Only a small share of Congolese villagers is the driving force behind most of the deforestation. They're not felling trees to feed their families, but to increase their quality of life. These findings indicate that international programs aiming to slow down tropical deforestation are not sufficiently taking local farmers into account. Posted: Fri 21st of October, 2016

Risk analysis for common ground on climate loss and damage

The Paris Agreement included groundbreaking text on the need for a mechanism to help identify risks beyond adaptation and support the victims of climate-related loss and damage--but how exactly it will work remains unclear. New research lends insight to policymakers on how to move forward. Posted: Thu 20th of October, 2016

Amazon fishery management provides rare 'win-win' chance for conservation and poverty alleviation

A study into freshwater lake management along the Amazon’s most meandering river has demonstrated astounding benefits to local livelihoods in replenishing vitally important fish stocks — a source of much-needed food and income. Posted: Thu 20th of October, 2016

Drought-tolerant species thrive despite returning rains in the Sahel

Following the devastating droughts in the 70s and 80s in the Sahel region south of the Sahara desert, vegetation has now recovered. What surprised the researchers is that although it is now raining more and has become greener, it is particularly the more drought resistant species that thrive instead of the tree and shrub vegetation that has long been characteristic of the area. The conclusion is that not only rain but also agriculture and human utilization of trees, bushes and land affect the plants recovering. Posted: Wed 19th of October, 2016

Future of Antarctic marine protected areas at risk

Antarctica's surrounding waters are home to some of the healthiest marine ecosystems on Earth and support thriving populations of krill, seabirds, fish and whales. But efforts to establish a network of effective Marine Protected Areas (MPAs) in the Southern Ocean are being hobbled by political infighting and demands that prioritize fishing interests over conservation by members of the international consortium tasked with conserving the region, scientists say. Posted: Thu 13th of October, 2016

Climate change may help Ethiopia, increase the country's access to water

Despite the many disastrous impacts of climate change, there are some regions of the globe that might benefit from hotter temperatures. A team of researchers have predicted that water availability in the Blue Nile Basin of Ethiopia may increase in coming decades due to global climate change. It could also lead to increased crop production, spur massive hydroelectric power projects, and foster irrigation development in the region. Posted: Wed 12th of October, 2016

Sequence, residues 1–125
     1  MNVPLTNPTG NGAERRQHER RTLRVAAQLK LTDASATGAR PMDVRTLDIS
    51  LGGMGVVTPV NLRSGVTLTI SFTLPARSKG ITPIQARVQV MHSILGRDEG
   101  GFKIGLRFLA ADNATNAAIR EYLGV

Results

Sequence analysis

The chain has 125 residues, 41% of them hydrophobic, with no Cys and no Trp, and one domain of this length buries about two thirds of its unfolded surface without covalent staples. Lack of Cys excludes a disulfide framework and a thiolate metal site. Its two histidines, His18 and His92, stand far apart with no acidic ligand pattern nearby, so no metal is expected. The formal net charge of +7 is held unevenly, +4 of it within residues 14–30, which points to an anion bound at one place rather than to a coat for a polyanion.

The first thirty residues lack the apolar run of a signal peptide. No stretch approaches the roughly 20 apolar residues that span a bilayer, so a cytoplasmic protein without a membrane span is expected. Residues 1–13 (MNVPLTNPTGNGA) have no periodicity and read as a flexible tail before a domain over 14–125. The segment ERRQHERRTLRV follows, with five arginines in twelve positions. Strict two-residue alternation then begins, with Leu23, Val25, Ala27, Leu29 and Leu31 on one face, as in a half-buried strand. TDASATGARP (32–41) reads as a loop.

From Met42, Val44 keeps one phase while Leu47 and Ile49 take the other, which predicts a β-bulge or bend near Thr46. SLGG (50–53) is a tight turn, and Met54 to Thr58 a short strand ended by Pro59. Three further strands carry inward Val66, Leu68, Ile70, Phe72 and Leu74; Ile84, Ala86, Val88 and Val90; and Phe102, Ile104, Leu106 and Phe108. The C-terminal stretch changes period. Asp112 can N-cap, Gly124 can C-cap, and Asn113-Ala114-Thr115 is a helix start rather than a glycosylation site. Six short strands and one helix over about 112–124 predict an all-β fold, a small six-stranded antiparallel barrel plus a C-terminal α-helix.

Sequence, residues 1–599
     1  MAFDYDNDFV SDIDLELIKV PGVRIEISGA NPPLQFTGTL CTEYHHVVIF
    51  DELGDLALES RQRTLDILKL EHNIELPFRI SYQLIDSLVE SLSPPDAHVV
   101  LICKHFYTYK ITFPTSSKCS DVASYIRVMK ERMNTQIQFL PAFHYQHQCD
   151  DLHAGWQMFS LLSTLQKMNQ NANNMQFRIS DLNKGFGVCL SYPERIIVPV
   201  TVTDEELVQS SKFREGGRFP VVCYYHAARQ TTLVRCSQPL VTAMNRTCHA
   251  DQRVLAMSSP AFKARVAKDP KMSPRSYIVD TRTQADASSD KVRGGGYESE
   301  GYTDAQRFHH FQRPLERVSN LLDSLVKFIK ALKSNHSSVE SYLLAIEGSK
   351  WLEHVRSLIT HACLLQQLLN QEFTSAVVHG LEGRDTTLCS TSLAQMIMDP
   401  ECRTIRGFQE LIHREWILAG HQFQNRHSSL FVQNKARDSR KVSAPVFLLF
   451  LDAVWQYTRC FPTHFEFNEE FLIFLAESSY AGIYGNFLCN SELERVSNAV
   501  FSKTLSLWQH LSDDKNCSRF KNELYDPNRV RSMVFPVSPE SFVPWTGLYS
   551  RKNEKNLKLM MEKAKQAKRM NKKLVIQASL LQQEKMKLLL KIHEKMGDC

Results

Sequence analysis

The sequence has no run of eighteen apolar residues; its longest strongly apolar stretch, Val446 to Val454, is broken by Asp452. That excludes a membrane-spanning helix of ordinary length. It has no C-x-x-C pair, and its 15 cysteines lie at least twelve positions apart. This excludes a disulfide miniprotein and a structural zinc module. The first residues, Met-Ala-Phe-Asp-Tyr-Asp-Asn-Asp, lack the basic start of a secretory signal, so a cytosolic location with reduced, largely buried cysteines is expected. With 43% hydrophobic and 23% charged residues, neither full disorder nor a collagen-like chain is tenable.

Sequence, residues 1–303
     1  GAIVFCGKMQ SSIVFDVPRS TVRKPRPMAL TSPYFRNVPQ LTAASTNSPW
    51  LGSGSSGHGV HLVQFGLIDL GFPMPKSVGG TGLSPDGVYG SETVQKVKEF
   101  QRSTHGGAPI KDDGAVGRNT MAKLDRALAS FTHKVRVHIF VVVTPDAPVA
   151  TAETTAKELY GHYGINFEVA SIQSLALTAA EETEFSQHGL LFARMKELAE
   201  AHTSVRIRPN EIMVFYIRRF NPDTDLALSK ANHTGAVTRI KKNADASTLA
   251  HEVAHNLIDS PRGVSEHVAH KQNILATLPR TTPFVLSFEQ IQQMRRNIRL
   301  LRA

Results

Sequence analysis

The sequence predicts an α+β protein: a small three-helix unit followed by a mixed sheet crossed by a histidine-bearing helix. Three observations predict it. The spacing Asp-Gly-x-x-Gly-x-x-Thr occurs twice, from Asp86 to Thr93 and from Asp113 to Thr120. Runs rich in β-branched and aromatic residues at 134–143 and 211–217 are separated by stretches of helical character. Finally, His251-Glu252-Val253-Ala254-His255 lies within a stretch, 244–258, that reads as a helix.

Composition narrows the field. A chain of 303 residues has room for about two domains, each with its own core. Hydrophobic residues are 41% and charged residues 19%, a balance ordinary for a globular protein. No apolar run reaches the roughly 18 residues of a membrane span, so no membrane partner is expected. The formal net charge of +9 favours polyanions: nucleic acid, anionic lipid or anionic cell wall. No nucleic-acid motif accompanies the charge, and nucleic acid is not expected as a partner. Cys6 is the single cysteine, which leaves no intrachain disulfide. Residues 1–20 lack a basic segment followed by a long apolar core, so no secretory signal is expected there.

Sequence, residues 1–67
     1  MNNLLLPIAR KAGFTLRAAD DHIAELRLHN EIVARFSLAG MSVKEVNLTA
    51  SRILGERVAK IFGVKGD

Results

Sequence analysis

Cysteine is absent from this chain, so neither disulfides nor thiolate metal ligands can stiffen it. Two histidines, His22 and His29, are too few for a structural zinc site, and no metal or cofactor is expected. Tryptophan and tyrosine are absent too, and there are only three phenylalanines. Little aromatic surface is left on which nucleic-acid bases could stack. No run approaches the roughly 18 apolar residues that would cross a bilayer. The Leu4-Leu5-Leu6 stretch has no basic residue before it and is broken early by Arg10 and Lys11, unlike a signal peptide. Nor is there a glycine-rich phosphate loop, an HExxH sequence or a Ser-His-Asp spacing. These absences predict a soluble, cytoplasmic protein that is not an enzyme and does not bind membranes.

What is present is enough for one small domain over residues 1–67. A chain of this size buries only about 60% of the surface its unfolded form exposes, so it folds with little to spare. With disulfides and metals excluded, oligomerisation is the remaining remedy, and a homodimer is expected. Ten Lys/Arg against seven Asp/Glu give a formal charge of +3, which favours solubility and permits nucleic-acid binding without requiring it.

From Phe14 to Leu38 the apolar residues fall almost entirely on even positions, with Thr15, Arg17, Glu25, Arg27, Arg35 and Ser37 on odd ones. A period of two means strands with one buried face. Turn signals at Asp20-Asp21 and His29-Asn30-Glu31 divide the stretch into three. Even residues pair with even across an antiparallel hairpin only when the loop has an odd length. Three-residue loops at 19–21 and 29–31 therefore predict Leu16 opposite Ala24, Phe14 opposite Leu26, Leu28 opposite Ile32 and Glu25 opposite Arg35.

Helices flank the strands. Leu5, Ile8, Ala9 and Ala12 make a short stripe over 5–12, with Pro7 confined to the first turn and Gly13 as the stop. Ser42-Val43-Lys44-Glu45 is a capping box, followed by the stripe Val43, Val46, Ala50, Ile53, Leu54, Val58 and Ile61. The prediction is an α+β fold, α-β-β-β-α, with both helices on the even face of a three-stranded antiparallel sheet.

Climate change jigsaw puzzle: Antarctic pieces missing

A shift in westerly winds, which has led to climate impacts in Australia and the Southern Ocean, is human-induced, new research suggests. To date, limited data on Antarctic climate has meant that it’s been difficult to disentangle changes caused by human activity from natural fluctuations. Posted: Wed 28th of September, 2016

Addressing climate change as a social issue

We cannot rely on governments, businesses or the public to adopt technological solutions to solve the problem of climate change, instead, social solutions must be put in place, according to research. Posted: Tue 20th of September, 2016

Climate change means land use will need to change to keep up with global food demand, say scientists

Without significant improvements in technology, global crop yields are likely to fall in the areas currently used for production of the world’s three major cereal crops, forcing production to move to new areas, new research suggests. Posted: Tue 20th of September, 2016

Neglected tropical diseases: Progress towards addressing the chronic pandemic

A review of the progress made in addressing the chronic pandemic of neglected tropical diseases (NTDs) has now been released. The authors looked at the progress made in terms of the donated medicines which are used in mass drug administration (MDA) interventions, which represent something in the region of one billion treatments a year. They also highlighted some of the challenges that need to be addressed to ensure the massive impact of NTDs is fully mitigated. Posted: Thu 15th of September, 2016

Global food security aided by combining different methods

Researchers are closer to helping producers better meet global food demand, now that they've combined simulation and statistical methods to help them predict how temperature affects wheat crops worldwide. Posted: Mon 12th of September, 2016

Experts urge a defensive stance in efforts against antimicrobial resistance

The United Nations should reframe global efforts against antimicrobial resistance by adopting a defensive stance, say experts who have suggested that focus should be in building the resilience of society and maintaining diversity in the 'global microbiome'-- only a fraction of which causes human or animal disease. Posted: Thu 8th of September, 2016